Mindscanner Issue #72
Summer 2007

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 From Admiral Qob zantai-Hurric
Commander, Cold Terror Fleet

<[email protected]>

I have some good friends in Fandom who simply do not connect to the idea of Klingon. That's fine. For me, though, it is a fictional way of honoring and exalting what I love about my ancestry. I'm German/Irish.  So the meme of the warrior bard strikes real deep in my soul. A lot of Klingons I know have gone in search of their roots and also RP Viking, even to the extreme of adopting paganism. Well, my personal experience makes that not an option for me, I've talked a little about my faith, maybe not enough. But back to the subject, there are few things that ring deeper in my soul than Irish music and Northern poetry. I was reminded of this reading a review/critique of The Thirteenth Warrior I liked that movie a lot, though I found some of it a little tedious, but this prayer is really soulful and quite Klingon.

Qob closeup Lo there do I see my father.
Lo there do I see my mother.
Lo there do I see my brothers and my sisters.
Lo there do I see the line of my people back to the beginning.
Lo they do call to me;
They bid me take my place among them in the Halls of Valhalla,
Where the brave may live forever.

This is close to a part of the why of Klingon.  Klingon, as is practiced by fans, is a celebration of the Noble, the Honorable, the commitment to respect, the willingness to shed blood and die for an ideal. But it's more than that, it's a joy in the rough and tumble, in the unabashed. A commenter pointed out this prayer was a prayer without shadow. That is a key to the Klingon, while there are thoughtful Klingons, the Klingon culture eschews ambiguity. There is great humor in the Klingon, it rejoices in the foibles and pompous. It is a knowing humor that still loves the clear vision of the right and wrong. It's knowledge is also self knowledge and acknowledges the warts and ugliness of itself.

On the violence of the Klingon. This is misunderstood. Humans look at the casual brutality and think that it means that Klingons are unthinking brutes. In fact it is quite different than that. Klingons understand and embrace the nature that humans and others try to veneer over. Where humans try to tame deny and neuter themselves, Klingons understand and channel the animal. There is a loss for Klingons, but it is a loss that we accept. Where in the Human version of Hamlet, Hamlet mopes and tries to come to a conclusion about his situation, in the Klingon he quickly engages his uncle and finds a way to kill all his foes. The human sees the deaths of the play as a tragedy, the Klingon sees it as a just and honorable end. But what does the Klingon lose? He loses the doubt and second thoughts, he might lose the depth that introspection gives, but for most humans introspection is simply a way to avoid the hard decisions. The Klingon makes the hard decision, perhaps sooner than wisdom would, but he does make the choice and at the end of the day even the most rigorous mediator is usually left with a coin flip. Alexander of Macedon was his most Klingon when confronted with the Gordian knot; he looked at it and rather than struggle to unravel it, pulled a sword and cleaved it in twain.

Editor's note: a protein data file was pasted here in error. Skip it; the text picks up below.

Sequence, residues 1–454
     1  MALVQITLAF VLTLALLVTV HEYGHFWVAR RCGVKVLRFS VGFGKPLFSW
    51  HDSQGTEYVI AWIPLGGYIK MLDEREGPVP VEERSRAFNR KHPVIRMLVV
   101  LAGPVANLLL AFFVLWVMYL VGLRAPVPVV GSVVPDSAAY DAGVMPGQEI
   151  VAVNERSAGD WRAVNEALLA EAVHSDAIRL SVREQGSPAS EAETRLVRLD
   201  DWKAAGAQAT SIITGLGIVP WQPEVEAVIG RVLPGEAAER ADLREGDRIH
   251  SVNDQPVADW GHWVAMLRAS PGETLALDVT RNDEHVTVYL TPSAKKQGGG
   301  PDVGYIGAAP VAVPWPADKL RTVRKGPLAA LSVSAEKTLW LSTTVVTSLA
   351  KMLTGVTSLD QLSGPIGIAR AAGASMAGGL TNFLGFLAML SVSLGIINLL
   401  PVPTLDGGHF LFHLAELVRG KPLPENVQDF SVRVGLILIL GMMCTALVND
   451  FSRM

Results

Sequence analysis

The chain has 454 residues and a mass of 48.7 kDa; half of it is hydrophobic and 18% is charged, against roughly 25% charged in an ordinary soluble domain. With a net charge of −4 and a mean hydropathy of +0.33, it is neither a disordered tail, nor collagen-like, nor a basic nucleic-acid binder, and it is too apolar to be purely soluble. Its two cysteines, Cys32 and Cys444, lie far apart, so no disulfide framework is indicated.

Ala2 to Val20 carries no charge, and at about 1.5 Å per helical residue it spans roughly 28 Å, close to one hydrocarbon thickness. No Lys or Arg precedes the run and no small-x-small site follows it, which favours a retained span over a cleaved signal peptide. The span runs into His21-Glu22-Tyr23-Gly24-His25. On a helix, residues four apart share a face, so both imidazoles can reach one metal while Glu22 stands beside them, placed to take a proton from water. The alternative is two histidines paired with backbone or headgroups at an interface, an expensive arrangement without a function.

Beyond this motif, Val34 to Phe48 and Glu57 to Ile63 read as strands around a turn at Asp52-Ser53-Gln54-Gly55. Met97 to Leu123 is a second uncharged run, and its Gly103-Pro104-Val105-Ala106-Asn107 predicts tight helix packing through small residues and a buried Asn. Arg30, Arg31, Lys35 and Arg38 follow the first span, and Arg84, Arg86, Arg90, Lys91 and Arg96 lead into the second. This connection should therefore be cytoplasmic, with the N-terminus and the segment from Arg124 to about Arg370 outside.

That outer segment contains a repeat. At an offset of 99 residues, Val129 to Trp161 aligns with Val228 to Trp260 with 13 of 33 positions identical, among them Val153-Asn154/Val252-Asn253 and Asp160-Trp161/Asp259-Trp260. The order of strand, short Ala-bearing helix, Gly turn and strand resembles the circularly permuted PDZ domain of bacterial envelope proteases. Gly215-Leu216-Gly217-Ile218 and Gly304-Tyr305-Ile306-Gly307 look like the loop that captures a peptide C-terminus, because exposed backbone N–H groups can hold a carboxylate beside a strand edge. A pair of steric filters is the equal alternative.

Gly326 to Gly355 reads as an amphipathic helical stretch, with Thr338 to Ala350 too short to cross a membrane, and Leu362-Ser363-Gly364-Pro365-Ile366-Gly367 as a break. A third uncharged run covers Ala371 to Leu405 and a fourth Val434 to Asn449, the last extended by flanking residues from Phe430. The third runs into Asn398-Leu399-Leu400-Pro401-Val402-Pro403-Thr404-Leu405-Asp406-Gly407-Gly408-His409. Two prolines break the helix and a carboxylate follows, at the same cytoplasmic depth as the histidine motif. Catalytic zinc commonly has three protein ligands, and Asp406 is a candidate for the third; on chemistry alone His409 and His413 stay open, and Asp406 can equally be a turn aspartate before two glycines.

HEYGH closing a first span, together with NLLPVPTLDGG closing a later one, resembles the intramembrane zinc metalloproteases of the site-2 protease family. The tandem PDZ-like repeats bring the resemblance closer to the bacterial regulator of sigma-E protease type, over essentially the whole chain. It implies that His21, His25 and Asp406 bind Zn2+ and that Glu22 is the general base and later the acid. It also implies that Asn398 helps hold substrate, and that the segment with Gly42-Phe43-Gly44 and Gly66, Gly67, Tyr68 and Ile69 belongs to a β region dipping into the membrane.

People also mistake the directness and simplicity of Klingons as stupidity and backwardness, as if they went directly from pillaging villages to pillaging star systems... well we did, but that doesn't mean there is no Klingon philosophy, that there is no love of wisdom. While the Klingon is utilitarian and pragmatic, he is also thoughtful. Their history is also different than that of Humans and Vulcans. where Humans and Vulcans went through Reformations and Enlightenments, the Klingon escaped that because it is a culture that was a slave culture, enslaved to totalitarian oppressors.  It fought and won the freedom that is taken for granted by Humans and Vulcans. It's philosophy is a deep and active one, based on warfare and liberation. There are parallels and echoes in human cultures, the Japanese, the African, and most resonating for me the Viking.